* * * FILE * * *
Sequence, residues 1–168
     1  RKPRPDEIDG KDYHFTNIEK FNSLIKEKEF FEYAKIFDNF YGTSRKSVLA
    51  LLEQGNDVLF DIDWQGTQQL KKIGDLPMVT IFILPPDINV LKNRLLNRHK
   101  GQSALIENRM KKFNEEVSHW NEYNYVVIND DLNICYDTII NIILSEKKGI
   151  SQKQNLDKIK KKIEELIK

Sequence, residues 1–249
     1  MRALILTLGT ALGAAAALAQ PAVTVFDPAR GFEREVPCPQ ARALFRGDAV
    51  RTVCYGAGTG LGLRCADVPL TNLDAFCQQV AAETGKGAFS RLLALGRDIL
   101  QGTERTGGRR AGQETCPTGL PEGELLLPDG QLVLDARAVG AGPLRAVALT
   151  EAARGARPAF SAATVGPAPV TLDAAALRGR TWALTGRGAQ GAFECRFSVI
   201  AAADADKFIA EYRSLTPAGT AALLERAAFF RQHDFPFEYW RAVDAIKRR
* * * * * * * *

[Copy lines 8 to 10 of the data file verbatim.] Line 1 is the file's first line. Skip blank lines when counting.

    51  RTVCYGAGTG LGLRCADVPL TNLDAFCQQV AAETGKGAFS RLLALGRDIL
   101  QGTERTGGRR AGQETCPTGL PEGELLLPDG QLVLDARAVG AGPLRAVALT
   151  EAARGARPAF SAATVGPAPV TLDAAALRGR TWALTGRGAQ GAFECRFSVI